14 Millennium: Journal of International Studies 38 (2) assess their own success using terms such as authenticity (consecuencia), in contrast to the emphasis on visitor numbers or infrastructural developments that site-focused groups often display. This is not to say that counter-memorial groups do not think in terms of impact: however, they define this as the reaching of indifferent or even hostile publics who would be most unlikely to approach or acknowledge a fixed site or static memorial. They are also more completely, and consistently, opposed to cooperating with the state, whether to demand financial support or to request permission for their activities. 27 Political Commemoration Salvador Allende and Jaime Guzmán Political commemoration often re-presents or reinterprets particularly controversial figures for the new moment. Nowhere is this dynamic better observed in Chile than in the post-transition construction of monuments dedicated to two diametrically opposed figures: deposed Socialist president Salvador Allende and right-wing military regime ideologue Jaime Guzmán. The Allende monument has served as both an official notice of the former president s rehabilitation and a magnet for present-day progressive activism. The other may yet come to play a pivotal role in the political right s rewriting of dictatorship-era history, one which looks for a more acceptable, and ideally civilian, face to represent the positive legacy of the Pinochet years. The two monuments are, moreover, inextricably linked from their very origins. Although separated by almost a decade in their actual construction, the inter-elite bargaining to approve the two monuments involved an explicit tit-for-tat trading of legislative support between the left and right. Allende 28 In 1991 legislators from Allende s Socialist Party and the centre-left PPD first proposed legislation to erect monuments to Allende (1970 3). The approval process dragged on for four years, 29 with no guarantee that 27. The FUNA, in particular, has a combative relationship with authorities. Many of its larger scale demonstrations have ended in confrontation, falling foul of a continuing Chilean practice of notoriously heavy-handed policing of public space. 28. For a detailed account and analysis of the Allende monument, see Katherine Hite, El monumento a Salvador Allende en el debate politico chileno, in Monumentos, eds Jelin and Langland, In marked contrast to similar earlier procedures over monuments to late presidents Alessandri ( ) and Frei Montalva ( ) which took a mere three months from start to finish. 392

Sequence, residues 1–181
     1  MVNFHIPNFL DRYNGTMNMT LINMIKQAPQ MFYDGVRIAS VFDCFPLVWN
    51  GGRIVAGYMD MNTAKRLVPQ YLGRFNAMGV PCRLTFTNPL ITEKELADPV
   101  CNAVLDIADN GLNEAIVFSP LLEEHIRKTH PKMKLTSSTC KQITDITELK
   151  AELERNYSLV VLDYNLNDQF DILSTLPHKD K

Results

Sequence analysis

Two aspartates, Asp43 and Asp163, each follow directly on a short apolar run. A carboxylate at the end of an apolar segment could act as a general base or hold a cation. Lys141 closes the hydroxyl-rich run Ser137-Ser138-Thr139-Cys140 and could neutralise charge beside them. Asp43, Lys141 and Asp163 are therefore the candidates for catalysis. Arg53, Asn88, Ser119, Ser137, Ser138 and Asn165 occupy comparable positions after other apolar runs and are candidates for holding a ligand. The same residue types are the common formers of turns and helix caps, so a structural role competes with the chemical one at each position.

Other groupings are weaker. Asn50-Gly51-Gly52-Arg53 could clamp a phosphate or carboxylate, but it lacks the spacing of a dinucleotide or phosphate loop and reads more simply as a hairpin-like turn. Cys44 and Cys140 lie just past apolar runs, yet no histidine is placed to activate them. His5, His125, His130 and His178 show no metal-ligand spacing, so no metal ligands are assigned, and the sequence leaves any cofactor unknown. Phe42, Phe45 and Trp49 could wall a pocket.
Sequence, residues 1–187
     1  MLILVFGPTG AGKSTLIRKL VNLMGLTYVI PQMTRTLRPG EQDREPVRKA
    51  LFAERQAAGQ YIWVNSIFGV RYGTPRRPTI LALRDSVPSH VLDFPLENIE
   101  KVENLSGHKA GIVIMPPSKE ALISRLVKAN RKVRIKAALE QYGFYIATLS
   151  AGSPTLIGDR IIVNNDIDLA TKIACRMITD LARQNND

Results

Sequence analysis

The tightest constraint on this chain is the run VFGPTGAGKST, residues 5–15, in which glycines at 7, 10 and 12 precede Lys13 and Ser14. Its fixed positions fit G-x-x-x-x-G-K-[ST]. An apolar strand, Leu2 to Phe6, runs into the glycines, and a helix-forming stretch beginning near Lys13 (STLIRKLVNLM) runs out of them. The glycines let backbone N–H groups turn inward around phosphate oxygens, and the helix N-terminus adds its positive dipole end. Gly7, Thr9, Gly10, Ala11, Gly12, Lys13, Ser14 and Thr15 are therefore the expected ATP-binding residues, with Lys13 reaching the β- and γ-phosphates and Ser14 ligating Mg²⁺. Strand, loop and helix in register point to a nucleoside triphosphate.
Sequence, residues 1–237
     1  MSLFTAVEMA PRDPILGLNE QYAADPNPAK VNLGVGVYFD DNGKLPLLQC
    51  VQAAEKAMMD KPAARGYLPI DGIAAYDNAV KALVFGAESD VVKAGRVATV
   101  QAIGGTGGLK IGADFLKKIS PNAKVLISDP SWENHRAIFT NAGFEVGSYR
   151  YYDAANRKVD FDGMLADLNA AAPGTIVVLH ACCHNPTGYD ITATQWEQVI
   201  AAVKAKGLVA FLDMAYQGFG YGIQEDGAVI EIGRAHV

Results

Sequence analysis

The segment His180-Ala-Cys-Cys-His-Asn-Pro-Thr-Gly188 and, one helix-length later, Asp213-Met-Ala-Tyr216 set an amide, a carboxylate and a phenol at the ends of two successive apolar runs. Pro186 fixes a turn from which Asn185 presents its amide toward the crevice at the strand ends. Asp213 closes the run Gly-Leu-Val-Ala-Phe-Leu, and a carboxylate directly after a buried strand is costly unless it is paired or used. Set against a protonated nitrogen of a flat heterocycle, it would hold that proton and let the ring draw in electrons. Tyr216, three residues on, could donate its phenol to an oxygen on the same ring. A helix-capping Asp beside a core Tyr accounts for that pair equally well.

15 Hite & Collins: Memorial Fragments, Monumental Silences and Reawakenings the eventual outcome would be favourable. The congressional debates struck at the core of bitter, polarised historical memories of victims and perpetrators. Ultimately, congressional approval required a Faustian bargain: a monument for Allende, a memorial for Guzmán. The most notable feature of the whole approval process was its exclusive nature. In contrast to the human rights movement-affiliated grassroots actors behind Villa Grimaldi, Paine and Londres 38, the monument to Allende was a top-down effort. Crucial episodes of the battle to pass legislation, select a location and approve a design took place behind closed doors. This insularity was itself evidence of one more legacy of Chilean authoritarianism: a broader disjuncture between the Chilean state and civil society. The resulting marked absence of public engagement with politics was characteristic of the 1990s. 30 Approval was followed by another contentious debate over location. The proposed site was Santiago s Plaza de la Constitución, a space charged with immense symbolism. The plaza is located immediately behind the presidential palace, the site of Allende s death in the military coup of Adjudication of the final design of the piece was no less controversial, and the outcome similarly seemed to bear all the hallmarks of forced compromise: the jury selected a rightist sculptor and rejected his first proposal to depict Allende among the people. In its final form, the statue deliberately draws parallels between Allende and President Balmaceda, the late 19th-century liberal leader who killed himself in the aftermath of Chile s civil war, and to whom Allende repeatedly compared himself in the last months of his government. Sculptor Arturo Hevia chose to drape Allende in the Chilean flag, evoking the statue of Balmaceda that stands in a park a few miles away. The effect is to give both monuments a ghostlike quality, notably unlike the nearby image of President Eduardo Frei Montalva ( ) that Hevia also sculpted. The monument was inaugurated on 26 June The Socialist Party had generally preferred to keep its distance from imagery of Allende during the 1990s. By 2003, however, the statue had become a focal point for commemorative activities carried out by then-president Ricardo Lagos on the 30th anniversary of the Chilean coup. As the first Socialist president since Allende, Lagos s actions that day represented the belated taking on of a symbolic mantle he had previously preferred to downplay. They also confirmed a notable new official current seeking to elevate Allende s status from that of a failed leader, rarely mentioned, to that of a democrat tragically undone by his times. 30. See Katherine Hite and Leonardo Morlino, Problematizing Authoritarian Legacies and Good Democracy, in Authoritarian Legacies and Good Democracy: Latin America and Southern Europe in Comparative Perspective, eds K. Hite and Paola Cesarini (South Bend, IN: University of Notre Dame Press, 2004). 393